I have a set of four bell pepper plants that I am growing in 12" containers in my backyard. They've been growing alright until the fruits on the plants have started to develop what appears to be a rot on their skin. What could be causing this? I water them well every two days and they get 6-7+ hours of sunlight a day. This is my first time ever growing vegetables by the way.

Here are some pictures since this is probably impossible to diagnose without: pepper rot picture 1pepper rot picture 2 bell pepper plant

  • how hot has it (how intense has the sun) been recently where you are?
    – Mike Perry
    Commented Jul 11, 2011 at 23:08
  • @mike, it doesn't look like sun scorching - that results in a wider, less well defined bleaching. I think is probably fungal/damp, or disease. The style and colour is very much like my anaheims that grew into the ground, earlier this year. Those were the points, but they would have been damp.
    – winwaed
    Commented Jul 11, 2011 at 23:46
  • 1
    One is near the blossom end (the other less so) so it could blossom end rot. This is due to calcium deficiency.
    – winwaed
    Commented Jul 11, 2011 at 23:49
  • It is about 28°C on average here. Commented Jul 12, 2011 at 14:21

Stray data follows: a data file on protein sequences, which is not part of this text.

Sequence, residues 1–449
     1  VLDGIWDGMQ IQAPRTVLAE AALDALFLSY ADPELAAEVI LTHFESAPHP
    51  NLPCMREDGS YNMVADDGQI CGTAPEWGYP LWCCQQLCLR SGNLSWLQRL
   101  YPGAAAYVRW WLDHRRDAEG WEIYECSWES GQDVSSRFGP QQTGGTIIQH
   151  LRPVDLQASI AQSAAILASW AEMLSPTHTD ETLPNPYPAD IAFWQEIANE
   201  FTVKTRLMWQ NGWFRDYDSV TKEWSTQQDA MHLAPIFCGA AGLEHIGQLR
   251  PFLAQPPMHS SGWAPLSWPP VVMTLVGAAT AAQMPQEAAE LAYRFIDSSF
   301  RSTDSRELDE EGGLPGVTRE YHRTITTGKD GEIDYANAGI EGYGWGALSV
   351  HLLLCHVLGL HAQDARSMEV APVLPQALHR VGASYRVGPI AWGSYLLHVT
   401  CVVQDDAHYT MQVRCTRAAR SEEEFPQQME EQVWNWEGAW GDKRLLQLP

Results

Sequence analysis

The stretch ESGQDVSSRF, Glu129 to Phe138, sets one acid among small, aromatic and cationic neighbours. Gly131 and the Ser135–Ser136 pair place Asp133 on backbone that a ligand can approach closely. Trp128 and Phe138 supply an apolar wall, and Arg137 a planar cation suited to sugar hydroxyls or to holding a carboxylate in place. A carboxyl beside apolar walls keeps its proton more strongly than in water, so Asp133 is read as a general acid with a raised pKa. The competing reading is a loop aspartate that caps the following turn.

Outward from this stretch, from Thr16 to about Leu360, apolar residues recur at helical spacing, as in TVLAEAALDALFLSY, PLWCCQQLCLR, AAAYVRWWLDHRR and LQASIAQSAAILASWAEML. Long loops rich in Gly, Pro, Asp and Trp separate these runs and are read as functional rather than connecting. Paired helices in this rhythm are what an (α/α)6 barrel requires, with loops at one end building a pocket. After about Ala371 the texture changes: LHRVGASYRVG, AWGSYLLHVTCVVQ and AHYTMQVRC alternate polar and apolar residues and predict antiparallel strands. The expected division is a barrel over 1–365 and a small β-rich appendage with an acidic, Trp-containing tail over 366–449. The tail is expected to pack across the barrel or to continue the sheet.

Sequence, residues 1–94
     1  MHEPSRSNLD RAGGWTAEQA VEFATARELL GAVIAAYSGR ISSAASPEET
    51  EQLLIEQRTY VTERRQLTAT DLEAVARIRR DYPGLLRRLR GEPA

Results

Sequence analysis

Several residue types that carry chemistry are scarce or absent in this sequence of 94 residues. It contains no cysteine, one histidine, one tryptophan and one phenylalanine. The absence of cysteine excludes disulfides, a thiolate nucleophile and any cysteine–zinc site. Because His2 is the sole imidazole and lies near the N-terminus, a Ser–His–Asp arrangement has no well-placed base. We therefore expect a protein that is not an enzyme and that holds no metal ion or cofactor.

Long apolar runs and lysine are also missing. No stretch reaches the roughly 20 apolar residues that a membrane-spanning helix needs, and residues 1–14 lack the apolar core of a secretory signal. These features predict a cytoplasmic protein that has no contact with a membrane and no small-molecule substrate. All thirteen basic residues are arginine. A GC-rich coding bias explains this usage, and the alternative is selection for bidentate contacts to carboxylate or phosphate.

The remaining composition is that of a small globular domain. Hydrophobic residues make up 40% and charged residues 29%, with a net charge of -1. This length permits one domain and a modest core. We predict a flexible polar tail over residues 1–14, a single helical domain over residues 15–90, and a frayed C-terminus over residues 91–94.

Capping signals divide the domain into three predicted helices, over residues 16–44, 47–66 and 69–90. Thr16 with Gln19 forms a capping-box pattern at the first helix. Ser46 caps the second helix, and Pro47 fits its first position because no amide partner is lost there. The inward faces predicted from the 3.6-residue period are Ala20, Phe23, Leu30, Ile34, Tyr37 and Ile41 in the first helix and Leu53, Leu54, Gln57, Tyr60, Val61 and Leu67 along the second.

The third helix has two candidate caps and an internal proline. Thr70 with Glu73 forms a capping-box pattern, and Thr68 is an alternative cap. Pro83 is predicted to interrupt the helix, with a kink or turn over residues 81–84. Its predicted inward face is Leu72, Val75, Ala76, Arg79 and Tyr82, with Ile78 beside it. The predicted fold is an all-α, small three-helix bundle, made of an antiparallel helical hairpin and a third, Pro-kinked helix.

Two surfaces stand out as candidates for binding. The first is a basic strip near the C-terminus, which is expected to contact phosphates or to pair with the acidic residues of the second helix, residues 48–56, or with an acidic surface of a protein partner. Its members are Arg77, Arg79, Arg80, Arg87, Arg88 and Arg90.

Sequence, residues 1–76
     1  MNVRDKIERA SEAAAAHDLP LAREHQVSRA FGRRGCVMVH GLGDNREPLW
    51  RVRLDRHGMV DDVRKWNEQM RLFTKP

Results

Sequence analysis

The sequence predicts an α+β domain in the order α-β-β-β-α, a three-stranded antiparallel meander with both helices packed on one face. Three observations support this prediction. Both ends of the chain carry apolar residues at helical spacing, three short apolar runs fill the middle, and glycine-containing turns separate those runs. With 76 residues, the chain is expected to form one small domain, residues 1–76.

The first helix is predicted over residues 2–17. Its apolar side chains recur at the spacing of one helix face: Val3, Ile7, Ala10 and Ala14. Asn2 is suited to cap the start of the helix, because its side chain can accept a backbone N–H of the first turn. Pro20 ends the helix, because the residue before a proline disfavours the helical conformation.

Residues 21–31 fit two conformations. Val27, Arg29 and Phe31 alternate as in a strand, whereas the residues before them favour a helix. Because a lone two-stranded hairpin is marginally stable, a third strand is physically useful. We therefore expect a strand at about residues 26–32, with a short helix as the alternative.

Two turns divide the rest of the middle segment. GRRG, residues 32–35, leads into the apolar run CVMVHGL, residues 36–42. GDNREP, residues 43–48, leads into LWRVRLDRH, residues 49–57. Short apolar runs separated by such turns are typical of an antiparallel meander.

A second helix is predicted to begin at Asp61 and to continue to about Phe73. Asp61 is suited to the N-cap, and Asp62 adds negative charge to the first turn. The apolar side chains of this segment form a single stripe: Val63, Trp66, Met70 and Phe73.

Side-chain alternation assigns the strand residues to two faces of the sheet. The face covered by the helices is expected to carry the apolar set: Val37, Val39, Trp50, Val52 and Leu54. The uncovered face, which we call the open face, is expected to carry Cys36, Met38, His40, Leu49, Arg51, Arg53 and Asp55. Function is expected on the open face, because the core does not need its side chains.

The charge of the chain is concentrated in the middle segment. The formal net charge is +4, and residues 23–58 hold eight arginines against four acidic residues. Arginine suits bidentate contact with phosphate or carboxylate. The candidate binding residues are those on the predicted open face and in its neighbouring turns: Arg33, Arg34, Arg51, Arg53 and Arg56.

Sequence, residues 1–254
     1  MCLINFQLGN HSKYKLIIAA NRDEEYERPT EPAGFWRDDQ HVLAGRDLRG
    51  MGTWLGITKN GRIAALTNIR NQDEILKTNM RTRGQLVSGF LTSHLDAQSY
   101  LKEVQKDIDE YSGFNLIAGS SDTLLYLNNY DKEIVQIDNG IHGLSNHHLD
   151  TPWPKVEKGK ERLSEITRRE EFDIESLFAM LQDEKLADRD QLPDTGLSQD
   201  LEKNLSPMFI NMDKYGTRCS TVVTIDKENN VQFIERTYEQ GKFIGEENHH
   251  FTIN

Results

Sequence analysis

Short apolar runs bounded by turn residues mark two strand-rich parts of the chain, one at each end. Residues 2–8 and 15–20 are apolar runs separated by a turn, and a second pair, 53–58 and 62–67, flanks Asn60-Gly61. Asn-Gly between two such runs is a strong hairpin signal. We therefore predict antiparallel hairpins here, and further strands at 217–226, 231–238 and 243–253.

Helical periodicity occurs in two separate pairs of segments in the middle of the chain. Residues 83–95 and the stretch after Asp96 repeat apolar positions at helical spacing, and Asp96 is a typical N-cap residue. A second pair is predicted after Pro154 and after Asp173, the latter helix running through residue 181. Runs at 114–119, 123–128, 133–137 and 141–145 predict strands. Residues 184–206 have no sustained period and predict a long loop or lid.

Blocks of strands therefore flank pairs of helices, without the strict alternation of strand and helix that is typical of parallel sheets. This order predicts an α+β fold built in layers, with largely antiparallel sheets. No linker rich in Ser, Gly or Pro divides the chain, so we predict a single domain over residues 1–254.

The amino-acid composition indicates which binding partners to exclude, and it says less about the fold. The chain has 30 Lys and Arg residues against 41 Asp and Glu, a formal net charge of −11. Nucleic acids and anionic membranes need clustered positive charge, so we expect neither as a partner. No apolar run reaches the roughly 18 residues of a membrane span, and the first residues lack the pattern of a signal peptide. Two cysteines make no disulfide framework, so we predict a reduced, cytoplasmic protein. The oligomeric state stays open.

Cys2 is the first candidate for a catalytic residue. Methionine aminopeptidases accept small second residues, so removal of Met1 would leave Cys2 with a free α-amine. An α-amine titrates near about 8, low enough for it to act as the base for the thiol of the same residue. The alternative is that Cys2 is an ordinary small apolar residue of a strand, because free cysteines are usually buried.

1 Answer 1


This is almost certainly blossom end rot (BER), a disorder that is usually caused by fluctuations in the plant's water supply, leading to a calcium deficiency. It affects a number of plants, including tomatoes, squash and eggplant. On peppers, the lesion is usually a tan color in the early stages, later turning brown or black, and can affect the side of the fruit, as in your first photo, as well as the blossom end.

You're right to water your plants thoroughly (superficial watering could cause them to surface-root, and become stressed), but once every two days may be over-frequent, unless, of course, the ambient temperature is very high, and the soil/compost is drying out very quickly; it should be slightly damp most of the time, not wet. Over-watering washes calcium out of the soil and is another cause of BER.

You will find detailed information/links about BER and steps you can take to control it, in my answer to a similar question here. There is also a good overview of the problem here

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